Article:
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Farewell Address

By George Washington



As was evident from the beginning of his presidency (see, for example, his First Inaugural Address), George Washington was greatly concerned with the viability of our constitutional republic and, therefore, with the need to preserve and perpetuate our political institutions and culture of liberty. Near the end of his presidency (September 19, 1796), Washington spoke at length about these topics in his most famous speech, the Farewell Address. Published in newspapers, and addressed intimately to “Friends and Fellow-Citizens” (the only such intimate salutation in all of his writings), Washington’s advice was geared to protecting the Union and the Constitution and promoting the virtuous conduct of government, thereby preserving the independence, tranquility, peace, safety, prosperity, and, especially, the liberty that Americans “so highly prize.” Our national regard for the Farewell Address is best illustrated by the fact that it continues to be read aloud annually by a member of the United States Senate on the floor of the Senate, as part of the commemoration of George Washington’s birthday.

Why does Washington begin with the Union? What sort of patriotism does he seek to promote? What is his teaching respecting the Constitution and the rule of law? What connection does he make between morality and religion, and between both of them and the perpetuation of our institutions?1 How important to our future flourishing are Washington’s positive recommendations? How dangerous to our well-being is partisan political division? May we conclude from the Senate’s annual reading of the Address that Washington’s warnings are still relevant for today’s America, a long-established superpower with global commercial connections and military alliances? Or is Washington’s advice simply passé? How healthy are the constitutional order and public morality today?2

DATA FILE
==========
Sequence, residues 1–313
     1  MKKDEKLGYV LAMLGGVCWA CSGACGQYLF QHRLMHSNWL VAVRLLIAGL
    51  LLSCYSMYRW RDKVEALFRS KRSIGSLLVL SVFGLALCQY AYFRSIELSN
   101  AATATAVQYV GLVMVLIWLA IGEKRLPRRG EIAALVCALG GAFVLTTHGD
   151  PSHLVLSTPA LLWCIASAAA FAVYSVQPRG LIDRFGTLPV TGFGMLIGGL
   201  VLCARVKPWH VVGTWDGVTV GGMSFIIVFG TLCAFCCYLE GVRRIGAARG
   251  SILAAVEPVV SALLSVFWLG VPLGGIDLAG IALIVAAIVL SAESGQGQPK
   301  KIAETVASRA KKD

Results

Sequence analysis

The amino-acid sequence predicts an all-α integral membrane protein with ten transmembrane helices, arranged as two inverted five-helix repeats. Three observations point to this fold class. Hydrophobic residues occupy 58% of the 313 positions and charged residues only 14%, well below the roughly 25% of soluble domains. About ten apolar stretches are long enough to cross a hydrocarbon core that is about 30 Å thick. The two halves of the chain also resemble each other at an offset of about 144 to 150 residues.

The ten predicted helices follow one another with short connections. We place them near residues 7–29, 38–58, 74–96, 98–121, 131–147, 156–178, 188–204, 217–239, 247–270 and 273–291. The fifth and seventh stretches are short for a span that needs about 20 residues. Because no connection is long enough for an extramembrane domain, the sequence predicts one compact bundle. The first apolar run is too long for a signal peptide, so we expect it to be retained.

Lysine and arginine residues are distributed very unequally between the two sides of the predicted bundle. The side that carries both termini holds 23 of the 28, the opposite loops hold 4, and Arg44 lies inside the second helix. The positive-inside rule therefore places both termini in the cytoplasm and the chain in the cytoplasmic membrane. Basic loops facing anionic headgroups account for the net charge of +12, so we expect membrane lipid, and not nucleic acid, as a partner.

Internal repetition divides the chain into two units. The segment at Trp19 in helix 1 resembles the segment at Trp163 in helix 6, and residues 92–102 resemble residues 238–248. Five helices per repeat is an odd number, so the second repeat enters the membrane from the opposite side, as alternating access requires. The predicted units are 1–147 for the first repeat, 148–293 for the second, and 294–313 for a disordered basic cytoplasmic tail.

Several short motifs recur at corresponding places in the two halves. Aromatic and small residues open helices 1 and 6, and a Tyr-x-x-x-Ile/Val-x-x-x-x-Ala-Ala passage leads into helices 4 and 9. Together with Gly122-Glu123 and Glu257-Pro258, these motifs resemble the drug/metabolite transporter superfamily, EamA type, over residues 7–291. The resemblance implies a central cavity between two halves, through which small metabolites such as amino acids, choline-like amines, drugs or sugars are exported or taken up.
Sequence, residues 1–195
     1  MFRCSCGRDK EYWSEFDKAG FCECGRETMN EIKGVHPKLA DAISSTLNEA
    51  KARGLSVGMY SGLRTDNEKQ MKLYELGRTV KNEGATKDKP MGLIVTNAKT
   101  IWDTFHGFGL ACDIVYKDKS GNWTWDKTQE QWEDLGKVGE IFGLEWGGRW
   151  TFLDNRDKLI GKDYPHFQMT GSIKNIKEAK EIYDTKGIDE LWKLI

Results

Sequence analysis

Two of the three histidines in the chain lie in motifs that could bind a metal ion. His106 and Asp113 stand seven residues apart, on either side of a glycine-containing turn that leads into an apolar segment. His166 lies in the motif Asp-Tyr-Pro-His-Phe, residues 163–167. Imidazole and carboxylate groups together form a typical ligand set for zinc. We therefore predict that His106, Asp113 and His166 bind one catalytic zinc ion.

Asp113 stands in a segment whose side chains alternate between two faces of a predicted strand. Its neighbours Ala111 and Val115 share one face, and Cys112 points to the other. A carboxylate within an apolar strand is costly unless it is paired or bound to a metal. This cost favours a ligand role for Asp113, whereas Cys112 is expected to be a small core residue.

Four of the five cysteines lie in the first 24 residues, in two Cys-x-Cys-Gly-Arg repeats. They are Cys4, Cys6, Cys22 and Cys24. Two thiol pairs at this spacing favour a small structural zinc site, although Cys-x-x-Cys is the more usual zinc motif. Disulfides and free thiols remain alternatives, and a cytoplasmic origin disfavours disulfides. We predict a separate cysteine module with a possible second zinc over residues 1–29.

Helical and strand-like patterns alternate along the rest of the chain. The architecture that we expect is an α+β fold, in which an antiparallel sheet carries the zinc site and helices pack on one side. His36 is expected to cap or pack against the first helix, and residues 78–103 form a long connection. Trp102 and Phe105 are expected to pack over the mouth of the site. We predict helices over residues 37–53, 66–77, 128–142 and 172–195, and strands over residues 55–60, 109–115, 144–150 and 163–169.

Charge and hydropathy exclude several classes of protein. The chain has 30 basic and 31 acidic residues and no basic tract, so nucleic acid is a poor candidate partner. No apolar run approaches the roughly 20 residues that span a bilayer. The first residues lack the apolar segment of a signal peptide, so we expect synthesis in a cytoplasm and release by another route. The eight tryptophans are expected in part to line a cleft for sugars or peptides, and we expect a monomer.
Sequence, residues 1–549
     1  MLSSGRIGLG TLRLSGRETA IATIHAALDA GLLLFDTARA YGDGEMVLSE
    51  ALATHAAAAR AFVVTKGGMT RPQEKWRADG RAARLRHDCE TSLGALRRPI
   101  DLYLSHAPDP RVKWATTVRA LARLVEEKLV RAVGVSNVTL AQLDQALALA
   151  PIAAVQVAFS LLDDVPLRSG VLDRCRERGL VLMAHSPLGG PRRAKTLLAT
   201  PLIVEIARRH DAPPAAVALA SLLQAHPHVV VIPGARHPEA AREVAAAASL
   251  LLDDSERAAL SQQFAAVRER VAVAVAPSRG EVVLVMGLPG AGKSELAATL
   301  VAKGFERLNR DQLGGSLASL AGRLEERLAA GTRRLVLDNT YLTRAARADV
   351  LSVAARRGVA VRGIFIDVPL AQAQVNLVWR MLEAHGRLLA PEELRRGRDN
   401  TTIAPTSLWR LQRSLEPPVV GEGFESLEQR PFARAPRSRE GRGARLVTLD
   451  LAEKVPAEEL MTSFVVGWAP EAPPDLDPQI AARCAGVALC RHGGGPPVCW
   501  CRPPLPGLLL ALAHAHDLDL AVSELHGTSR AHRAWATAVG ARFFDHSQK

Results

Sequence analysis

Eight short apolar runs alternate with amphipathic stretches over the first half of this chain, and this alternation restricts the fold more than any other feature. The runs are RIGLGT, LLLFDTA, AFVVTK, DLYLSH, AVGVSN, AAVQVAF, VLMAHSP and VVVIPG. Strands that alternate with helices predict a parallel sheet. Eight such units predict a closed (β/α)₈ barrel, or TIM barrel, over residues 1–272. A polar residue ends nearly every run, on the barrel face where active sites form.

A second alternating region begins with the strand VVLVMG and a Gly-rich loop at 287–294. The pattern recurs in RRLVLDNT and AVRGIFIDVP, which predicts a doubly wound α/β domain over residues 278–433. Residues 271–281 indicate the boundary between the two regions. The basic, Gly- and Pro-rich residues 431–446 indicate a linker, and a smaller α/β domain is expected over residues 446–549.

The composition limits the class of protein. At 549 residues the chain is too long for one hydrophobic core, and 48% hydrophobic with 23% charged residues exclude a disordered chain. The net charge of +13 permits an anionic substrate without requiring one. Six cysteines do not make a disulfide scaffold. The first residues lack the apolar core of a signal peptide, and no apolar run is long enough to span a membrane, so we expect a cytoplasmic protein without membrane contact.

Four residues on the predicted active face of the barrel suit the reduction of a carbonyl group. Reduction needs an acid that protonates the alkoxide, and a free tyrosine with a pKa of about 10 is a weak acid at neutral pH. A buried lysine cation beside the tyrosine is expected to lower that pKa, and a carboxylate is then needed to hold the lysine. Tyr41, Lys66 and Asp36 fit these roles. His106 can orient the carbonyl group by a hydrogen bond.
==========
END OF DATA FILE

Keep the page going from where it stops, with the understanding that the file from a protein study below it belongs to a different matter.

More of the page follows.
It would be fruitful to compare Washington’s remarks on religion and morality, and the Farewell Address as a whole, with Abraham Lincoln’s speech “The Perpetuation of Our Political Institutions,” and in particular with Lincoln’s call for a “political religion.” Do Washington and Lincoln differ on the subject of religion and politics? Return to text.
For an excellent analysis of the Farewell Address, see “The Wisdom of George Washington” by Diana Schaub. Return to text.

Friends, and Fellow-Citizens:

The period for a new election of a Citizen, to Administer the Executive government of the United States, being not far distant, and the time actually arrived, when your thoughts must be employed in designating the person, who is to be cloathed with that important trust, it appears to me proper, especially as it may conduce to a more distinct expression of the public voice, that I should now apprise you of the resolution I have formed, to decline being considered among the number of those, out of whom a choice is to be made. . . .

In looking forward to the moment, which is intended to terminate the career of my public life, my feelings do not permit me to suspend the deep acknowledgment of that debt of gratitude which I owe to my beloved country, for the many honors it has conferred upon me; still more for the stedfast confidence with which it has supported me; and for the opportunities I have thence enjoyed of manifesting my inviolable attachment, by services faithful and persevering, though in usefulness unequal to my zeal. If benefits have resulted to our country from these services, let it always be remembered to your praise, and as an instructive example in our annals, that, under circumstances in which the Passions agitated in every direction were liable to mislead, amidst appearances sometimes dubious, vicissitudes of fortune often discouraging, in situations in which not unfrequently want of Success has countenanced the spirit of criticism, the constancy of your support was the essential prop of the efforts, and a guarantee of the plans by which they were effected. Profoundly penetrated with this idea, I shall carry it with me to my grave, as a strong incitement to unceasing vows that Heaven may continue to you the choicest tokens of its beneficence; that your Union and brotherly affection may be perpetual; that the free constitution, which is the work of your hands, may be sacredly maintained; that its Administration in every department may be stamped with wisdom and Virtue; that, in fine, the happiness of the people of these States, under the auspices of liberty, may be made complete, by so careful a preservation and so prudent a use of this blessing as will acquire to them the glory of recommending it to the applause, the affection, and adoption of every nation which is yet a stranger to it.